Monday 07 June 2021
This magnificent, large volume celebrates an innovative French ceramic artist, famous for his glazed stoneware vessels, as well as for his more sculptural production. The publication records the collection of the architect Peter Marino, who describes the glazes on Adrien Dalpayrat’s vases as ‘modern paintings in and of themselves’.
Etienne Tornier, who published Marino’s collection of works by Théodore Deck (2019) in the same format, sketches the life of Dalpayrat (1844–1910). After some 20 years of conventional work decorating porcelain and faience in historicist styles, Dalpayrat shifted towards the increasingly fashionable ‘stoneware and abstract forms of decoration’, impacted by both Asian and Symbolist influences. In 1889 he moved to Bourg-la-Reine, south of Paris, where he swiftly perfected his characteristic red flambé stoneware.
The significant role of Alphonse Voisin-Delacroix as the designer of the vases and more sculptural works is highlighted. In 1893, Dalpayrat began a fruitful partnership with Adèle Lebros, who exerted considerable energy on promoting the business. During the 1890s Dalpayrat’s ceramics were exhibited, for example, at the Grafton Galleries in London, and at Georges Petit and Siegfried Bing’s L’Art Nouveau in Paris; work also appeared to acclaim at the Paris Exposition Universelle, 1900.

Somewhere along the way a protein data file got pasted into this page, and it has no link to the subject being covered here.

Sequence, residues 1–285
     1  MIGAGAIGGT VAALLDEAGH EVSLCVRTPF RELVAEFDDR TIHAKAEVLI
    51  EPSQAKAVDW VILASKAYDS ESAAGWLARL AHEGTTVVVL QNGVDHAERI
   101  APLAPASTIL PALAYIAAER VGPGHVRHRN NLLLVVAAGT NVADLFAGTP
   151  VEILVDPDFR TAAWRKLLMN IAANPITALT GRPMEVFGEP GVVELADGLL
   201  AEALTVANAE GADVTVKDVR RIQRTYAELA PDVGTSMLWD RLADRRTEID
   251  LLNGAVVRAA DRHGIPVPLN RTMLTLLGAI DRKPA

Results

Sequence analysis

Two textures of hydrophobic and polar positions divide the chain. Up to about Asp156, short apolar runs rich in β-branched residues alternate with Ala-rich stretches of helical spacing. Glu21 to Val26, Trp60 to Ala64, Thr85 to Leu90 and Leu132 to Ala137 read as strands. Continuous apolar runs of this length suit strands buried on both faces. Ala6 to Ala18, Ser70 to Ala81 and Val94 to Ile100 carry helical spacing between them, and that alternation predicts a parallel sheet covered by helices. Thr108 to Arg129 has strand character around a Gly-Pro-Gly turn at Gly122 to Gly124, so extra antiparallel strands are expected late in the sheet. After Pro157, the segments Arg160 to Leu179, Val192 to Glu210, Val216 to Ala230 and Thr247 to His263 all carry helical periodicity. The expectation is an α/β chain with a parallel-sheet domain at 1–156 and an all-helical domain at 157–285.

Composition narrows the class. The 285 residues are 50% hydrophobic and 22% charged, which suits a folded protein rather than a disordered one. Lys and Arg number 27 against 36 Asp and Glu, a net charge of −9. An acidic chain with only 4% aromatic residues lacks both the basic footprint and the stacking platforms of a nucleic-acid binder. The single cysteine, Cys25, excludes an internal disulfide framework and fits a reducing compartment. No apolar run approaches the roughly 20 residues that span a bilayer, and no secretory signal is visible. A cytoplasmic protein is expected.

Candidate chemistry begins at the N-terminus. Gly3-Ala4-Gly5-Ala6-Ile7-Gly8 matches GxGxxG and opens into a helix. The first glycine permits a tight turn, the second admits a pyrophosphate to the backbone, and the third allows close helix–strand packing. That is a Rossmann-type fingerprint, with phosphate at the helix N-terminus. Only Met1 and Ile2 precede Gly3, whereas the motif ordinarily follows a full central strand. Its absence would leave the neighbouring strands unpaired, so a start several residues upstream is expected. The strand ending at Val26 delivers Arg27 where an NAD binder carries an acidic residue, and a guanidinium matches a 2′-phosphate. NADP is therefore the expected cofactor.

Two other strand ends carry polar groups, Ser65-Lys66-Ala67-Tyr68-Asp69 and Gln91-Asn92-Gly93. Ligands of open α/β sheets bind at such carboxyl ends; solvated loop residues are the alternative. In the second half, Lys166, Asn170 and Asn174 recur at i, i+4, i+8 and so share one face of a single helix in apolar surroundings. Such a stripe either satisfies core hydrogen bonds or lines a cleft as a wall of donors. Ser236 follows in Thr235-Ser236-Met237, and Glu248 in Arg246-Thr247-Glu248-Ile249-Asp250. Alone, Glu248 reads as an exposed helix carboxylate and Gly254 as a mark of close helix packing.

The outstanding feature of this sumptuous tome is the extraordinary photography that allows the reader to appreciate the tactile quality of the pots and sculptural creations and to absorb the forms and glazes of each piece. The full-page, sometimes double-page, full-bleed details do indeed appear like ‘modern paintings’, while the detailed shots of particular pieces emphasise the finer details of the designs.
Tornier includes useful thumbnail images of ‘The Collection’ and the introductory chapters are supported by references that scholars will find useful to pursue. Despite requiring serious shelf space, this is a valuable volume that informs and gives pleasure.
Etienne Tornier, Phaidon, 2020, £200 hb
Condensed from a review by Martin Levy in DAS Newsletter No. 122